Image 4: Jackson Pollock’s ‘Number 14’ painting (1951). A classic action painting, the movement of the piece is performative and experiential.

Namuth’s photographs challenge notions of object and performance by being objects themselves, and Pollock’s paintings extend the possibilities for performance where narrative and history are concerned. Namuth’s photographs capture Pollock in the process of his creation and some of his most famous paintings. The relationship between photography and painting is complex and assumed to complicate or disprove the intention of the other. What is interesting here is how their likeness, which supposedly threatens the other’s existence, “has obscured some of the most radical possibilities inherent in the concept and practice of action painting” (Phelan, 2005, p. 501). Their similarity in sharing comparable objecthood in their shape and optical structure places them under a comparative lens that allowed practitioners to liken photography’s performative potential to that of painting (Phelan, 2005). The condensation of live movement and light that becomes a still object is an attribute of photography that is also true to painting. Photography exposes an aspect of performance designed to enhance the art of photography itself and, in turn, transforms the painting’s relationship to performance (Phelan, 2005, p. 501).


The process in which photography and film become a point of entry into painting is seen in Namuth and Pollock’s relationship and is a critical moment in performance art collection. Namuth’s photographs act as a suspension in time and open a place where a different kind of history of performance art might be recorded. Photographic documentation here brings to light issues with documenting performance, which typically is to capture a fixed historical account of performance art. Instead, in Namuth’s photographs, the subject of performance is captured in such a way that they perform the occasion. Namuth maintains in his work the quality of liveness that is in Pollock’s paintings, and along with the imagery of Pollock creating them, he completes the timeline of action for the viewer. This way, Namuth’s photographs become artfully designed performances (Phelan, 2005).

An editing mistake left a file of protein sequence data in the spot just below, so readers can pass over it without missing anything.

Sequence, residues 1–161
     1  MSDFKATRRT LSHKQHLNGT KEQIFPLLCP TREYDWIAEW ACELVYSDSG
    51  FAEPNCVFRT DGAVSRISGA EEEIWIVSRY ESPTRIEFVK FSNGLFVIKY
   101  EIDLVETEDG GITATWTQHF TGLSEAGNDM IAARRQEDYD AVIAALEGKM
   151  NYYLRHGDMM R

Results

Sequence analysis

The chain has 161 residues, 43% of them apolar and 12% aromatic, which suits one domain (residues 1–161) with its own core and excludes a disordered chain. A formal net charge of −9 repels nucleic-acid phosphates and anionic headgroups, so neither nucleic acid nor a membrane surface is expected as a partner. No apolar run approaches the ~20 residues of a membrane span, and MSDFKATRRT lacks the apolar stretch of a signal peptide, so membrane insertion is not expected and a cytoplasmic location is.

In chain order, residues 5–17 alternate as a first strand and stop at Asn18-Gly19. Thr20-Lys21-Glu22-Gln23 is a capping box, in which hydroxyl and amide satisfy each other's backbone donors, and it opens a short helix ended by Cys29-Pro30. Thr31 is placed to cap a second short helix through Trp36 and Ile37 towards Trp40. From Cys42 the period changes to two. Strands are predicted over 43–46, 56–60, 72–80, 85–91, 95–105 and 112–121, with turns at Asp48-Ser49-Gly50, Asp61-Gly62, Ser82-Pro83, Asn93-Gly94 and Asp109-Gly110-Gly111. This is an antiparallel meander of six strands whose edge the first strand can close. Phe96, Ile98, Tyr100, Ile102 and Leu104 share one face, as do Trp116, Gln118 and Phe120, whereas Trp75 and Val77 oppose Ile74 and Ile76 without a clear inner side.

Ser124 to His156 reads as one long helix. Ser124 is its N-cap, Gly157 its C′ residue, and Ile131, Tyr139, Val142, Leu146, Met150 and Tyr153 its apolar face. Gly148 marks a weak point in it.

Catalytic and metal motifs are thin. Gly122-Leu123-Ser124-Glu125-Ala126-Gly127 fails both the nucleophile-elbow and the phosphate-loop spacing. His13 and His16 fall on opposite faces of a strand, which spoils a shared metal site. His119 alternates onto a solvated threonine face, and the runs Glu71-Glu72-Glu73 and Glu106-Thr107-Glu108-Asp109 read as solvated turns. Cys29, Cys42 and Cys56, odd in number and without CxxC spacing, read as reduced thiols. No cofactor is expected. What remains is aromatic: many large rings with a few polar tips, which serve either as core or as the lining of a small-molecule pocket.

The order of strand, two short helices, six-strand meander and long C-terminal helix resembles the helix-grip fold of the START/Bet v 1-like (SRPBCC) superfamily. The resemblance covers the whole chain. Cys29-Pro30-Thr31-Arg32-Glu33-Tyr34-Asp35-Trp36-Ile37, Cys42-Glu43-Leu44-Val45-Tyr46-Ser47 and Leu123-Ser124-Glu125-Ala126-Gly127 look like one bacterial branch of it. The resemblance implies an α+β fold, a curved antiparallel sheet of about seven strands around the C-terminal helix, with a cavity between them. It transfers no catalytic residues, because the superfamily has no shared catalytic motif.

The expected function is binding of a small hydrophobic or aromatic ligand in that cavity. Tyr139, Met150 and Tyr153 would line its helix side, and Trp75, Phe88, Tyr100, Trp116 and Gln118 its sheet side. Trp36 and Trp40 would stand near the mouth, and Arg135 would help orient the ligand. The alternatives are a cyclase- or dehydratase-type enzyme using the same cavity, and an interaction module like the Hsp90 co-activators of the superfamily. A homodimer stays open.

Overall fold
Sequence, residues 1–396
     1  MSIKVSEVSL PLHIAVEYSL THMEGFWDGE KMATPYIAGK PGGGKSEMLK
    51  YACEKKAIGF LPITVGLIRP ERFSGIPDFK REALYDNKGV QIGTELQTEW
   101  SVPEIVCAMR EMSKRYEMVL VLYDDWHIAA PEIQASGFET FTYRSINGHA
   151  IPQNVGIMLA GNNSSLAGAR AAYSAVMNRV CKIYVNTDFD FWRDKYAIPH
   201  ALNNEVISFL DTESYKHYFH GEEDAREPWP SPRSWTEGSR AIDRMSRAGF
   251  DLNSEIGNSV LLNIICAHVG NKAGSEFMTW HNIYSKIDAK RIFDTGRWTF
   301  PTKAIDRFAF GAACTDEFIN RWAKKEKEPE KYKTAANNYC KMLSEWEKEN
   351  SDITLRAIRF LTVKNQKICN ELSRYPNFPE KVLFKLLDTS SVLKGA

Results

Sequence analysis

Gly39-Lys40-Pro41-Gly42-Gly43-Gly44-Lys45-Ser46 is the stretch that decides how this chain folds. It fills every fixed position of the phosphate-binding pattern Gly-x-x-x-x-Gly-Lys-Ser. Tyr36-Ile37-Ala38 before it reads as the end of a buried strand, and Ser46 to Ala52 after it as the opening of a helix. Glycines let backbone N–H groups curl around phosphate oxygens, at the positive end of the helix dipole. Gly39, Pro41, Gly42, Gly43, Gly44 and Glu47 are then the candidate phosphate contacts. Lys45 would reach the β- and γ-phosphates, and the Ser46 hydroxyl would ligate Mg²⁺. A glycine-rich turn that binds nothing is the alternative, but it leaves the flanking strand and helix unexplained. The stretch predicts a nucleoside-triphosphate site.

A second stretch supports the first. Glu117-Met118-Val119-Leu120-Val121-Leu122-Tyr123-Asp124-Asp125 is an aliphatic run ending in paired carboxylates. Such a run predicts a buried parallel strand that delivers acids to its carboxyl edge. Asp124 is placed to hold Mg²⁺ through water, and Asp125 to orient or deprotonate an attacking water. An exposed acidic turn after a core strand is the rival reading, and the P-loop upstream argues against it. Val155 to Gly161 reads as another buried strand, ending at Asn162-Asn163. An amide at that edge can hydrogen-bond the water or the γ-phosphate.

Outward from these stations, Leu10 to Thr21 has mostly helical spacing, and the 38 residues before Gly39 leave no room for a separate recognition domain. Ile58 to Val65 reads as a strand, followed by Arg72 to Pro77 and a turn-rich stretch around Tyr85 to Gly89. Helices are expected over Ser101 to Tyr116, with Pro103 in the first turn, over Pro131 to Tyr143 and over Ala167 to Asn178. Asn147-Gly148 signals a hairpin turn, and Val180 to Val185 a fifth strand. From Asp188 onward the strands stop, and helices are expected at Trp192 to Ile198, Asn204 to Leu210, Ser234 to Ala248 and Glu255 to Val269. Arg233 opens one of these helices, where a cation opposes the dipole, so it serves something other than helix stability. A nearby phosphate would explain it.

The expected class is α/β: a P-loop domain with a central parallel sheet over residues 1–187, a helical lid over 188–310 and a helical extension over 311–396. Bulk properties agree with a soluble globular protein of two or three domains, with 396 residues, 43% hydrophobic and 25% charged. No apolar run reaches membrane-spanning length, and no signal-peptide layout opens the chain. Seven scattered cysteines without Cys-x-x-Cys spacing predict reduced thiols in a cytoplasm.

Performance art has been highly unruly in its relationship to chronology, documentation, media, and politics as it works to unsettle the distinction between subject and object, between doing and telling (Phelan, 2005). The opportunity granted by the collaboration between Pollock and Namuth, photography and painting, inspired a new interpretation of performance. Their encounter “has become the main kernel in the narrative of action painting, some 50 years on”, inspiring a vast amount of potential futures for performance creation, including urging performative modes of writing and documenting performance art. The frozen images of its maker, which are Pollock’s paintings, are emboldened by the photographs and film of his process by Namuth. Pollock’s paintings, which present so much action, are experienced in newer and more profound ways due to being displayed alongside Namuth’s performative photographs. Working together like frames of film, they perform a past, present, and future into the present moment.

Bibliographical Sources

Auslander, P. (1997). Presence and theatricality in the discourse of performance and the visual arts. In P. Auslander, From acting to performance : essays in modernism and postmodernism (pp. 49-57). London: Routledge.


Austin, J. L. (1976). How to do things with words. Oxford: Oxford Univeristy Press.


Guy, G. (2016). Introduction. In G. Guy, Theatre, Exhibition, and Curation: Displayed and Performed (pp. 1-34). Taylor & Francis Group.


McEvilley, T. (1969-1998). Stages of Energy: Performance Art Ground Zero? In M. Abramovic, Artist Body: Performances (pp. 14-25). Milan: Smithsonian Libraries.


Phelan, P. (2005). Shards of a Histori of Performance Art: Pollock and Namuth Through a Glass, Darkly. In J. Phelan, & P. J. Rabinowitz, A Companion to Narrative Theory (pp. 499-514). Oxford: Blackwell Publishing Ltd.


Soussloff, C. M. (2004). Jackson Pollock's Post-Ritual Performance: Memories Arrested in Space. TDR: A Journal of Performance Studies, 1(T181), 60-78.


Image Sources


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Gina Darwin-Gitonga